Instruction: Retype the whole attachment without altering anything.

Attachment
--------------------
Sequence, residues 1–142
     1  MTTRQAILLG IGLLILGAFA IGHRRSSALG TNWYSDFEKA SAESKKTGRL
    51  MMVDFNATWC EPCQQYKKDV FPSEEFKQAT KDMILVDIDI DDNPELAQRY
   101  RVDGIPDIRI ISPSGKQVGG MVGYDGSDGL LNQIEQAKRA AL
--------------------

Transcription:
Sequence, residues 1–142
     1  MTTRQAILLG IGLLILGAFA IGHRRSSALG TNWYSDFEKA SAESKKTGRL
    51  MMVDFNATWC EPCQQYKKDV FPSEEFKQAT KDMILVDIDI DDNPELAQRY
   101  RVDGIPDIRI ISPSGKQVGG MVGYDGSDGL LNQIEQAKRA AL